How Chuck Schumer plays the congressional chessboard
The New York Democrat, though often a fierce partisan, represents a particular breed of dealmaker on Capitol Hill who combines policy understanding with an intuitive knack for legislating.
In the run-up to the November elections, Chuck Schumer worked tirelessly in attacking Republicans, from congressional conservatives to GOP frontman Mitt Romney. Since then, New York's senior Democratic senator has clocked more hours negotiating with his Republican colleagues than anyone else on his side of the aisle.Skip to next paragraph
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Part of this reflects the natural rhythm of politics: The year after a presidential election can often be Washington's most productive. But a man who has spent his life in Congress shifting between expert political hatchet man and tenacious dealmaker may also sense a moment when the Republicans are particularly vulnerable – or receptive – to cutting deals as a result of changed dynamics on the Hill.
"He's a great legislative chess player and knows intuitively when it's time to strike and when it's time to wait," says Jim Kessler, a longtime Schumer staffer and now a senior member of the Third Way, a Democratic centrist think tank.
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Clearly, the voluble senior senator thinks it's time to strike. First, he teamed up with a crew of other Senate veterans, led by John McCain (R) of Arizona and Carl Levin (D) of Michigan, to hatch a compromise forestalling sweeping changes to the Senate's filibuster rules.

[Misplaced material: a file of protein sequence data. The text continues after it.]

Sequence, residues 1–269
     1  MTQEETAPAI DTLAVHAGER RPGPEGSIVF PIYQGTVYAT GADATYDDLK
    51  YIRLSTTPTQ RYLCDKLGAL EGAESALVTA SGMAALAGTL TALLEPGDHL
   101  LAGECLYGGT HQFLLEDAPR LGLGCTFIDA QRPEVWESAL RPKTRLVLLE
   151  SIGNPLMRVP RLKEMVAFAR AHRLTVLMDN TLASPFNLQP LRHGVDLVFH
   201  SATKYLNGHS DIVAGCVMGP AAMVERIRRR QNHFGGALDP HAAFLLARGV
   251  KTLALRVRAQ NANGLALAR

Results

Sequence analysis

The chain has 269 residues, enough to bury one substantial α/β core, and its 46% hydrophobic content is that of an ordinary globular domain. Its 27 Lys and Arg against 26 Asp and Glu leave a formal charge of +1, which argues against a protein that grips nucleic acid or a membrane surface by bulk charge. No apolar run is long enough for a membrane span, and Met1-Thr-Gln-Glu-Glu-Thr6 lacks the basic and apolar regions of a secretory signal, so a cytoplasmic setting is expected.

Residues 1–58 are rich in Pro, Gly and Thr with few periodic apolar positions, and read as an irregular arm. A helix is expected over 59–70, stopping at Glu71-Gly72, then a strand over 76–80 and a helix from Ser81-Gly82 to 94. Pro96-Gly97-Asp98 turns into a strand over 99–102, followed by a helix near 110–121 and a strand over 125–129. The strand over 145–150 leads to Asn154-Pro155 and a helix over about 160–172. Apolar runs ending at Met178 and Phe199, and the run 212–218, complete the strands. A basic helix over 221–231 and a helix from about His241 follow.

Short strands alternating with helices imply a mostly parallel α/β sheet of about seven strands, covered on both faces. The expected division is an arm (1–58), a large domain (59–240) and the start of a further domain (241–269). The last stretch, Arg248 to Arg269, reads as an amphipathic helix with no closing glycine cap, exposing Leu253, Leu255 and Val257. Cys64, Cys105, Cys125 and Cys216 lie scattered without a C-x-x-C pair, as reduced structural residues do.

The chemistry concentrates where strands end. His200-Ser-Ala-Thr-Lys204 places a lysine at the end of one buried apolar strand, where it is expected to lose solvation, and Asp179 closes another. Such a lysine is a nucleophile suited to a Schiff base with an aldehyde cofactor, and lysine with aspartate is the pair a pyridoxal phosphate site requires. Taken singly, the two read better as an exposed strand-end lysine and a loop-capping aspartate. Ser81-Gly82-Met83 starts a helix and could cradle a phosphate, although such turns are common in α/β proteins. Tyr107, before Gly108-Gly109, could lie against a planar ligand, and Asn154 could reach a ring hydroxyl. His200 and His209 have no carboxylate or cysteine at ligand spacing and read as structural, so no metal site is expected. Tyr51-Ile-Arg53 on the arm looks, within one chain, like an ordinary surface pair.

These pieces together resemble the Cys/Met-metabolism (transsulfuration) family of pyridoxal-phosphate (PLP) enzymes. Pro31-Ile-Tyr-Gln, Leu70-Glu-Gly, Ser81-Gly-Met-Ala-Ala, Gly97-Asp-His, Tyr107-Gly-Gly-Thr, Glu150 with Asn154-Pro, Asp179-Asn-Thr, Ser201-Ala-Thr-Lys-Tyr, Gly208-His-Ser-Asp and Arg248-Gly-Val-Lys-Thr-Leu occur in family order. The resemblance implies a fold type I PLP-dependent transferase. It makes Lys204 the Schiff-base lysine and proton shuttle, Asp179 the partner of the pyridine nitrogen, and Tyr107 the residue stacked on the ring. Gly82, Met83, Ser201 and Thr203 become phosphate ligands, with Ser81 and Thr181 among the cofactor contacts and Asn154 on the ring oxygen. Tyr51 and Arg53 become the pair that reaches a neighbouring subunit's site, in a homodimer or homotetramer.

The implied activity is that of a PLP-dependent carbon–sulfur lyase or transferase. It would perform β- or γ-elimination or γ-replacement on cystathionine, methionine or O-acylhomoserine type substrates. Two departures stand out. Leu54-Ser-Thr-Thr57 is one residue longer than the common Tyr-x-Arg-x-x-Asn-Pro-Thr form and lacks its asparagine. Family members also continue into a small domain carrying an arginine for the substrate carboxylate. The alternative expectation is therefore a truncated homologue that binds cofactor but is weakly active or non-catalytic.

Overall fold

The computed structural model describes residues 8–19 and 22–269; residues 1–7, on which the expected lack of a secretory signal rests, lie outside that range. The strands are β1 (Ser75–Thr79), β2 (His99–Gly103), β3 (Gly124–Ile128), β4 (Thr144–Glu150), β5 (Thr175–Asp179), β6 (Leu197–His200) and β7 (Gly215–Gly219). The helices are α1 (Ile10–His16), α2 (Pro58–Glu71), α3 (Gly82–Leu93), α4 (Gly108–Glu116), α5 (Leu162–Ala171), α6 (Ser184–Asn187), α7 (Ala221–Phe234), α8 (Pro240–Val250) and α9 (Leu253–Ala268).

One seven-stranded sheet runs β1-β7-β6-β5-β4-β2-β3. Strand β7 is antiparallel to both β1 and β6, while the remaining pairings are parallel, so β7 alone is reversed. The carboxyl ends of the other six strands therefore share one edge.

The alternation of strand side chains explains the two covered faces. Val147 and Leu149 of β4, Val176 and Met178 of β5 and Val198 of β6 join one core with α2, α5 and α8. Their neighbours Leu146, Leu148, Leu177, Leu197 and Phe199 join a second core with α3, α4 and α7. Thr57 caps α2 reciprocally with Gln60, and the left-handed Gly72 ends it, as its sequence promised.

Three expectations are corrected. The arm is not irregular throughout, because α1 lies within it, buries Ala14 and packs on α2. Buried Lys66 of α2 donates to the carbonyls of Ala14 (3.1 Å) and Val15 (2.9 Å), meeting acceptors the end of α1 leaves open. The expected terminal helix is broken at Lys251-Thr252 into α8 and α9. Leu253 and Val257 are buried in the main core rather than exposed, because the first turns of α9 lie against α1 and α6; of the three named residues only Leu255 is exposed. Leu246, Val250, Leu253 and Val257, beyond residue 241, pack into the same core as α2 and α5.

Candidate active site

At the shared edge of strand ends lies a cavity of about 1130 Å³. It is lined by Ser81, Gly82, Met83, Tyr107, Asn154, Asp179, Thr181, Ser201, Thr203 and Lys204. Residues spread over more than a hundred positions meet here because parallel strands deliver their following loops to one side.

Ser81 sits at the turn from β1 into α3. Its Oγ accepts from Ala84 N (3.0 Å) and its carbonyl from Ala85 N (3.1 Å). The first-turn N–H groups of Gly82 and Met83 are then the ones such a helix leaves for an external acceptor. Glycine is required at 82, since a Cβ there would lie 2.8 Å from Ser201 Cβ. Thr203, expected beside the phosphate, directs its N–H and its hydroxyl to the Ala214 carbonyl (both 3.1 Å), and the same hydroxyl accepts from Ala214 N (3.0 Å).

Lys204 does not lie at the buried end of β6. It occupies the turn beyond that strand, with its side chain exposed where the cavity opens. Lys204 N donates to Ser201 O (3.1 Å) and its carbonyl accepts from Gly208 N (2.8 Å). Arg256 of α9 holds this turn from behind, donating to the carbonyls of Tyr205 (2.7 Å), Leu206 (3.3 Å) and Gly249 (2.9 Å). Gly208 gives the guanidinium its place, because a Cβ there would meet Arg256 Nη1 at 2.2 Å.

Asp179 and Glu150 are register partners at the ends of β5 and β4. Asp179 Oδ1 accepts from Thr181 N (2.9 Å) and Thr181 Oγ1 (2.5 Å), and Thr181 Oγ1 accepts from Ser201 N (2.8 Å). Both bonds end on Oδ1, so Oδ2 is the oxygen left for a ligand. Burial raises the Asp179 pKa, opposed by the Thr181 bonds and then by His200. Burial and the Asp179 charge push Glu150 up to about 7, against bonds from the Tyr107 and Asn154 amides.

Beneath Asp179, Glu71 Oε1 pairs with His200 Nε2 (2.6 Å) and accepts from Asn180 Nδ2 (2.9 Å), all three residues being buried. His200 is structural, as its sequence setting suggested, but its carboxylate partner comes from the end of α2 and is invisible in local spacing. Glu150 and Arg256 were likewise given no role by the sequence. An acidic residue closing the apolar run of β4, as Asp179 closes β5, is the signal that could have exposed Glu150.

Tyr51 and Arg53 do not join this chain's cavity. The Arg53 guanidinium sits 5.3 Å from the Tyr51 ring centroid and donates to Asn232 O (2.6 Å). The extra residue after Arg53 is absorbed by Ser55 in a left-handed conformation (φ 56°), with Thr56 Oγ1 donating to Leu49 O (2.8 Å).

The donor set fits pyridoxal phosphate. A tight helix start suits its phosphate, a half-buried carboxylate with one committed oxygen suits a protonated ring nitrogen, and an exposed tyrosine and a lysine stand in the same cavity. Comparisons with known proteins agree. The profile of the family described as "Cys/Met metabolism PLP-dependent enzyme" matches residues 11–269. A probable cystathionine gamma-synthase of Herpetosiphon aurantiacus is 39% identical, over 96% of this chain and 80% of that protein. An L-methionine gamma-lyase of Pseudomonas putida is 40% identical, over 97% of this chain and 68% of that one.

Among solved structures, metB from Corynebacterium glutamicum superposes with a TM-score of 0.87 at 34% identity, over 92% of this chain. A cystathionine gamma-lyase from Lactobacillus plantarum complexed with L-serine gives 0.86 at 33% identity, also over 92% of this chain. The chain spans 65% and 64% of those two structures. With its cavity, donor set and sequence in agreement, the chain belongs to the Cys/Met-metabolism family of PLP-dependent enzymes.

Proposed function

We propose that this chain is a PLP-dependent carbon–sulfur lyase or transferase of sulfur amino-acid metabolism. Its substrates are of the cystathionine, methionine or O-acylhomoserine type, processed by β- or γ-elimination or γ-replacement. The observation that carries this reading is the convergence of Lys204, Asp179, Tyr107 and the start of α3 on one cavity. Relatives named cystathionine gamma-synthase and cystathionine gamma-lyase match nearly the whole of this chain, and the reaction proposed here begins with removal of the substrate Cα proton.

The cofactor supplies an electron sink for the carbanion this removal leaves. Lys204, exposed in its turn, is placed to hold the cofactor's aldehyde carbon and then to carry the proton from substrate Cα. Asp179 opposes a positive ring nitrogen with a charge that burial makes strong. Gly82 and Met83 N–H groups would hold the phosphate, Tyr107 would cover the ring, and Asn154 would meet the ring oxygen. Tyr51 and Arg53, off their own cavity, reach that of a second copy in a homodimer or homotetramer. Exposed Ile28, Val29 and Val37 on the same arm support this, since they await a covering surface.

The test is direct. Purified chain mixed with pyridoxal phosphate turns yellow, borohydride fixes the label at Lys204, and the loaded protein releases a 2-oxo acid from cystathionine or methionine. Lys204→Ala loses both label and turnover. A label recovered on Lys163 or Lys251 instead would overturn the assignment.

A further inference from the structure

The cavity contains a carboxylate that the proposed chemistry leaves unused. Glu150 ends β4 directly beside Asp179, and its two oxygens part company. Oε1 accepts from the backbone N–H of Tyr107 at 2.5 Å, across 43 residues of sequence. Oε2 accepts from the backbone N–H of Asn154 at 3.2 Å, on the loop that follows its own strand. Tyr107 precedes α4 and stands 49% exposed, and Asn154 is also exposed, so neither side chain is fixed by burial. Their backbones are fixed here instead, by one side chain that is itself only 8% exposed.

Then there's Senator Schumer's long-unrequited love, immigration reform, in which he leads the Democratic contingent in the bipartisan "Gang of Eight." That's the group in the Senate that many lawmakers and advocates believe will deliver the opening bill in the immigration-reform debate in early April.
Finally, there's the continuation of Schumer's legacy in the House, where his determination to pass the 1994 crime bill (containing a ban on assault weapons, among other provisions) is carrying over to President Obama's push to strengthen the nation's gun laws. Schumer went right for the "sweet spot," as he calls it, of universal background checks in negotiations with staunch pro-gun lawmakers like Sens. Joe Manchin (D) of West Virginia and Tom Coburn (R) of Oklahoma.